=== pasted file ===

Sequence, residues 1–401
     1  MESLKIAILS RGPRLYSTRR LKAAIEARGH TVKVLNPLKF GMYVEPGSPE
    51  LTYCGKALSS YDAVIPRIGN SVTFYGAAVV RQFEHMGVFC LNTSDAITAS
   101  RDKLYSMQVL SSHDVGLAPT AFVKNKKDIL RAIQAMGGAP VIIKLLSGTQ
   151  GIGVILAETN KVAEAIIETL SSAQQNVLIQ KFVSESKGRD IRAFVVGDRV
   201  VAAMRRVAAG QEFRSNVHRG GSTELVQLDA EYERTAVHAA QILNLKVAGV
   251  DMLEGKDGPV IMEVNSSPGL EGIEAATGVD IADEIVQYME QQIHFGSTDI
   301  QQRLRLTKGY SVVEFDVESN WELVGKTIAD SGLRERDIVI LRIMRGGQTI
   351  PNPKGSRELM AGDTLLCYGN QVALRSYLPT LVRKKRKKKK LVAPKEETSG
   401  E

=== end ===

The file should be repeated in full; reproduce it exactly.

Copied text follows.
Sequence, residues 1–401
     1  MESLKIAILS RGPRLYSTRR LKAAIEARGH TVKVLNPLKF GMYVEPGSPE
    51  LTYCGKALSS YDAVIPRIGN SVTFYGAAVV RQFEHMGVFC LNTSDAITAS
   101  RDKLYSMQVL SSHDVGLAPT AFVKNKKDIL RAIQAMGGAP VIIKLLSGTQ
   151  GIGVILAETN KVAEAIIETL SSAQQNVLIQ KFVSESKGRD IRAFVVGDRV
   201  VAAMRRVAAG QEFRSNVHRG GSTELVQLDA EYERTAVHAA QILNLKVAGV
   251  DMLEGKDGPV IMEVNSSPGL EGIEAATGVD IADEIVQYME QQIHFGSTDI
   301  QQRLRLTKGY SVVEFDVESN WELVGKTIAD SGLRERDIVI LRIMRGGQTI
   351  PNPKGSRELM AGDTLLCYGN QVALRSYLPT LVRKKRKKKK LVAPKEETSG
   401  E